There’s more fallout to report from state-level immigration laws. It’s important because states like Arizona, Georgia and Alabama have turned into laboratories of consequences. In the weeks and months since those state’s approved their controversial laws there’s been an exodus of Latinos, and a long list of expected reactions that have fallen short. The most recent negative effect was brought to light by a group of legal experts who gathered for a University of Georgia law school symposium. Online Athens reports:
“We literally have companies saying ‘I don’t want to do business in this state,’ ” Atlanta immigration lawyer Sharon Cook Poorak said.
These laws were supposed to rid the state’s of criminals; open job opportunities for the unemployed citizens; and alleviate the burdens to social service budgets.
News Taco has reported on the growing list of the laws consequences – both intended and unintended:
- children are staying home from school (in Alabama at a cost of $4500.00 per child).
- crops are rotting in the fields for lack of a harvest workforce.
- businesses are closing their doors.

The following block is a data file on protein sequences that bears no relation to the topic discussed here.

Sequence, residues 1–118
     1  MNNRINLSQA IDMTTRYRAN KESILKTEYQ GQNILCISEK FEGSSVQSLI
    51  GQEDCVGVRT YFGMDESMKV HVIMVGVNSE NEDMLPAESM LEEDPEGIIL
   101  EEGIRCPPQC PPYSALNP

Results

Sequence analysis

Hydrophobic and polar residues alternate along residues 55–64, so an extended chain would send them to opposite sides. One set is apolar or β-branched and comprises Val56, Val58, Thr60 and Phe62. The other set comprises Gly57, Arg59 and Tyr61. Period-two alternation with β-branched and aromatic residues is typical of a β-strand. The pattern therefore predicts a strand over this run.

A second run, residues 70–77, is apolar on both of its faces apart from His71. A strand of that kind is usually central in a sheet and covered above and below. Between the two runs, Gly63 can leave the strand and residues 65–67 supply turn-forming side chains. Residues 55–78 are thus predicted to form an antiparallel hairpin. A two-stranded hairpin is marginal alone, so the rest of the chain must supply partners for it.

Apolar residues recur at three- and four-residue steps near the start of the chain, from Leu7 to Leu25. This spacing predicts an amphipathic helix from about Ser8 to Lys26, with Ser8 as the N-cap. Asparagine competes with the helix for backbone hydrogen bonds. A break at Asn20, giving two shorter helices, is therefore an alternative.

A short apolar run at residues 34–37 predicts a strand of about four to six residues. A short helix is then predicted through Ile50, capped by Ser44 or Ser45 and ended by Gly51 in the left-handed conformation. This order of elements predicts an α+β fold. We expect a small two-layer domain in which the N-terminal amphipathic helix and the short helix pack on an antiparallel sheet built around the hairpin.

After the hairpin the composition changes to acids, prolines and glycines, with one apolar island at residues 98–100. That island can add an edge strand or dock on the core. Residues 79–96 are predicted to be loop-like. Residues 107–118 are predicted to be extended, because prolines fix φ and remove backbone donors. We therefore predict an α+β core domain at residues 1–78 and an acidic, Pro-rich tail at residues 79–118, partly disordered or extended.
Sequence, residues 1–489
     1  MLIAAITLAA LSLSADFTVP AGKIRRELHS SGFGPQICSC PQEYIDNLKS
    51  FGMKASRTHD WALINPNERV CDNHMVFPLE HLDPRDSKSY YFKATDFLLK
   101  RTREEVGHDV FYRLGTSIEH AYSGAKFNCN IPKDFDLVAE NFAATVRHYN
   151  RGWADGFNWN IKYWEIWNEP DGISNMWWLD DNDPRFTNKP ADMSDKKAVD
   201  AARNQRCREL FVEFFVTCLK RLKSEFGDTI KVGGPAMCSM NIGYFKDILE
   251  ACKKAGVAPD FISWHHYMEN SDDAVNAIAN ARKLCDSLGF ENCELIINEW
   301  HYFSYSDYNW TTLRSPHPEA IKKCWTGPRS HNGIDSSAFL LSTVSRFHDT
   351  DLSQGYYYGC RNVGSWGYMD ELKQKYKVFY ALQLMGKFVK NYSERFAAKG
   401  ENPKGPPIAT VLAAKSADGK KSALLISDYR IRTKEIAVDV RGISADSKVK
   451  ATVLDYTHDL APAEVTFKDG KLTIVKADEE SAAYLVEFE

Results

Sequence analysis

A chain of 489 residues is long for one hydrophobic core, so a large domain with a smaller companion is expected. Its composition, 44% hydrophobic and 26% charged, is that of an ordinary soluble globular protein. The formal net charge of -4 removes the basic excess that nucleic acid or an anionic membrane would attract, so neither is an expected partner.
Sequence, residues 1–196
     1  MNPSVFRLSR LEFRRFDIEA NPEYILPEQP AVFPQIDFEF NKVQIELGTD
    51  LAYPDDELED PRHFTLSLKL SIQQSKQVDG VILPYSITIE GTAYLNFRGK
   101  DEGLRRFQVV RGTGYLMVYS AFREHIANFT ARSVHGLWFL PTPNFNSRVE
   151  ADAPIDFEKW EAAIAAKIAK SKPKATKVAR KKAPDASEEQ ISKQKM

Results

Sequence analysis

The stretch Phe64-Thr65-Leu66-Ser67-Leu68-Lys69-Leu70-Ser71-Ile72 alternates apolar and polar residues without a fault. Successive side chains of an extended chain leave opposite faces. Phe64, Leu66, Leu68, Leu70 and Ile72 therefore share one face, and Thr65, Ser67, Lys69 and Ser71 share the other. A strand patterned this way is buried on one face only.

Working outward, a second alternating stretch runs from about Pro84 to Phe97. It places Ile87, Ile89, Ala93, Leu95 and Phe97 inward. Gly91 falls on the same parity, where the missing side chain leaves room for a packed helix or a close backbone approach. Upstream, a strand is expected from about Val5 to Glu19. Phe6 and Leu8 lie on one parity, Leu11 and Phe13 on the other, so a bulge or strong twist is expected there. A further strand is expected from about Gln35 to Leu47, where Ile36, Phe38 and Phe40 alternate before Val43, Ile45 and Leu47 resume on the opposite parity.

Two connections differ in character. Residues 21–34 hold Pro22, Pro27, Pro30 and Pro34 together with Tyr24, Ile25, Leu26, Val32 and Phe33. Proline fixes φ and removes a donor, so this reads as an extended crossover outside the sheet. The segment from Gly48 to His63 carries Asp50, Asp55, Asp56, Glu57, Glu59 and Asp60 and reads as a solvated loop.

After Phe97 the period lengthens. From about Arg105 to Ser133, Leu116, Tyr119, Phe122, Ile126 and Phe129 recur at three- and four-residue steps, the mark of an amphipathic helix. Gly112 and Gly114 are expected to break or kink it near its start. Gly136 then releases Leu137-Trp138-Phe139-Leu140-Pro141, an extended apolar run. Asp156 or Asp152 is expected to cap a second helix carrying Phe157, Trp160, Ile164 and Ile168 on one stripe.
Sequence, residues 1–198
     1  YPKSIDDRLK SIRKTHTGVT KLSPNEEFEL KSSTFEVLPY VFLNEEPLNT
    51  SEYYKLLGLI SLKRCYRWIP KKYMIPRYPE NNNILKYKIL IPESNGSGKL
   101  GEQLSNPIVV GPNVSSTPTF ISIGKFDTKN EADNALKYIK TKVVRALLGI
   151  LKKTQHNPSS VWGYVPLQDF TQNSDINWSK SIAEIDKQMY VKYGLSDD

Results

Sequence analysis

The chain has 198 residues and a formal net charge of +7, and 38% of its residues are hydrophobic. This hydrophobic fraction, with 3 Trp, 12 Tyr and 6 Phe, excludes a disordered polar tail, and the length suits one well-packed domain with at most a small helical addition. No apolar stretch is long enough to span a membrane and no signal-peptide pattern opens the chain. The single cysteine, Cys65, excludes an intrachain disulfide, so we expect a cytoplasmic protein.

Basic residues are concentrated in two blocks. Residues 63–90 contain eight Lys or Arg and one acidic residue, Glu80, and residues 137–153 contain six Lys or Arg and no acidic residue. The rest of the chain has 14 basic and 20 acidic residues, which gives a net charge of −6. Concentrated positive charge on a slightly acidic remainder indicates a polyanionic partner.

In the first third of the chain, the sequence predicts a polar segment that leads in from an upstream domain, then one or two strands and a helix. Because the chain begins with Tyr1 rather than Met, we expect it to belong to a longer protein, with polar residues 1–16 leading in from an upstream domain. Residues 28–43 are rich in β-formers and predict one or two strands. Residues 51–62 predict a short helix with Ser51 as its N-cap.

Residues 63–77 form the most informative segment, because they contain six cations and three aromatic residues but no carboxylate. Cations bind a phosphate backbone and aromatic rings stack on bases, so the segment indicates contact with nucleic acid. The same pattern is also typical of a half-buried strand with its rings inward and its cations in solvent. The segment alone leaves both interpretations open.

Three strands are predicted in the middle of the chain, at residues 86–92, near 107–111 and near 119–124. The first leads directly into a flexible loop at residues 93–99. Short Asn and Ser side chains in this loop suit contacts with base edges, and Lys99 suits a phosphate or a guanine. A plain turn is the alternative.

- more apartments are vacant.
- law enforcement officers are unsure how to enforce the law.
- Latino residents are distrusting of police.
- Latinos are reluctant go to the hospital.
- American citizens have been unwilling to take the available farm work jobs.
- Latino parents are securing powers of attorney for their citizens children, in case of deportation.
“Georgia is really shooting themselves in the foot right now, to pass these laws that hurt us economically,” Poorak said.
She noted that the state’s unemployment rate is still above 10 percent since the law took effect in July, so jobs held by illegal immigrants aren’t being filled by Americans.
The law in Georgia isn’t only scaring away undocumented workers, it’s also repelling foreign investors and millionaires who want to do business in the United States. They will still come to invest their fortunes, but not to Georgia. It makes you wonder if people in Alabama are listening.
And in the middle of this lawyers’ symposium came a dose of truth and context:
“We’ve built an economy on the backs of these folks, and no one wants to treat them like second-class citizens,” (Toombs County Solicitor Paul Threlkeld) said.
We’ll see how long these states’ economies can keep this up.[Photo by Rhys Asplundh]